Epigenetic silencing of genes involved in hematopoietic differentiation and mutations in genes encoding tyrosine kinase receptors (TKRs) involved in hematopoietic cell proliferation are critical players in myeloid leukemogenesis. Although novel compounds targeting the aberrant features of kinome (TKR inhibitors) and epigenome (DNMT inhibitors) in AML have been tested in clinical trials, the response to them as single agents has been short-lived, suggesting that a single mechanism may not be sufficient to overcome AML. We reasoned that concurrent molecular targeting may result in better antileukemic activity compared with single target approaches. In order to develop such approach, the mechanism of leukemogenesis needs to be understood. Recently, we have shown that miR-29b is central to regulation of both epigenome (DNA methylation) and kinome in AML by targeting and repressing the expression of TKRs (KIT and FLT3) and DNMTs. Furthermore, we showed that high levels of miR-29b are predictive of sensitivity to the hypomethylating agent decitabine in older AML patients. In preclinical studies, we showed that endogenous miR-29b can be pharmacologically increased with TKI (sorafenib), Sp1/NFkB interfering compounds (bortezomib) and histone deacetylase inhibitors. Therefore, we hypothesize here that a pre-emptive pharmacologic increase of otherwise low endogenous levels of miR-29b cells will enhance the antileukemia activity of decitabine and lead to a more durable clinical response in older AML patients. We propose to pursue this strategy through the following specific aims:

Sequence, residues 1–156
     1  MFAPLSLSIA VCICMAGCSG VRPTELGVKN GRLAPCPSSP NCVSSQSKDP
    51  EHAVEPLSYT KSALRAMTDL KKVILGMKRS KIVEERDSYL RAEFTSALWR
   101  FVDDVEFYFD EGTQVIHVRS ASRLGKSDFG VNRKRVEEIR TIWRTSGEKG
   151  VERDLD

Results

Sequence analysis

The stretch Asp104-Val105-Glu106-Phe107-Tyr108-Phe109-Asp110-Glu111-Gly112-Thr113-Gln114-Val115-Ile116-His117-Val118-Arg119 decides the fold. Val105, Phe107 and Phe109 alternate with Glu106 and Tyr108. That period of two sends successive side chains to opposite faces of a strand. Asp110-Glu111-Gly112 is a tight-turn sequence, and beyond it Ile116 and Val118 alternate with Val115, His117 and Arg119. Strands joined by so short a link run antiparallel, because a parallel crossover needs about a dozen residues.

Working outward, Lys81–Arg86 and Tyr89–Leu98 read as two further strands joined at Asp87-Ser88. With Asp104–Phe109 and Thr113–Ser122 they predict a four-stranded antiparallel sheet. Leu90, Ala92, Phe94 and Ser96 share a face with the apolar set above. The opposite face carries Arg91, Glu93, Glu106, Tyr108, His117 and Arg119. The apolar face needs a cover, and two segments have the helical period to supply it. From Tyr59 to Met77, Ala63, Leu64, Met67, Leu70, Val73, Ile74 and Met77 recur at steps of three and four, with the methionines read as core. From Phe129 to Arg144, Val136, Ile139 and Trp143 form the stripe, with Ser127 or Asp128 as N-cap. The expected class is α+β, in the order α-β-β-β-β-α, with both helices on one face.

Specific Aim #1 : To conduct a Phase 1 clinical trial with bortezomib and sorafenib in combination followed by decitabine in elderly (>60) AML patients in order to determine: (a) the biologically effective and tolerable dose (BETD) of bortezomib/sorafenib combination;(b) a phase II recommended dose and (c) pharmacodynamic (PD) endpoints related to the targeting activity of miR-29b.
Specific Aim #2 : To conduct a Phase 2 clinical trial with bortezomib and sorafenib followed by decitabine in newly diagnosed elderly (>60) AML patients in order to: (a) assess clinical efficacy of the combination;(b) to validate the biologic mechanisms of activity of the combination by correlating biologic endpoints (e.g,miR-29b,) with clinical response.
Specific Aim #3 : To investigate whether HDAC inhibitors (i.e., AR42), which also disrupts the HDAC/Sp1-NF:B complex, enhance miR-29b expression when combined with bortezomib and sorafenib in the preclinical setting and in turn improve even further the response rate to decitabine. We will conduct preclinical in vivo studies in order to: (a) determine the optimal dose of AR42 that leads to the highest expression of miR-29b by performing PK/PD modeling;(b) asses survival of the combination AR42/bortezomib/sorafenib followed by decitabine as compared with bortezomib/sorafenib or AR42 alone followed by decitabine;(c) recommendation of an optimal dose/schedule of the AR42/bortezomib/sorafenib followed by decitabine for testing in the phase I setting in humans.

Public Health Relevance

Over the past 20 years there has been little improvement in AML treatments, especially for elderly (>60) patients with only a few of them survival for more than 2 years. Lack of significant improvement in the current results calls attention to the need for development of novel therapeutic strategies. The overall goal of this proposal is to test in the clinic a novel approach to target leukemia mechanisms with drugs (bortezomib and sorafenib) that have been already approved for use in mankind, but combined in a new manner that will allow increase of a molecules (miR-29b) that can control these leukemia mechanisms and may improve the clinical response and outcome of AML patients treated with decitabine, an agent that by itself already has shown encouraging results.

National Institute of Health (NIH)
National Cancer Institute (NCI)
Research Project (R01)
Project #
Application #
Study Section
Clinical Oncology Study Section (CONC)
Program Officer
Merritt, William D
Project Start
Project End
Budget Start
Budget End
Support Year
Fiscal Year
Total Cost
Indirect Cost
Ohio State University
Internal Medicine/Medicine
Schools of Medicine
United States
Zip Code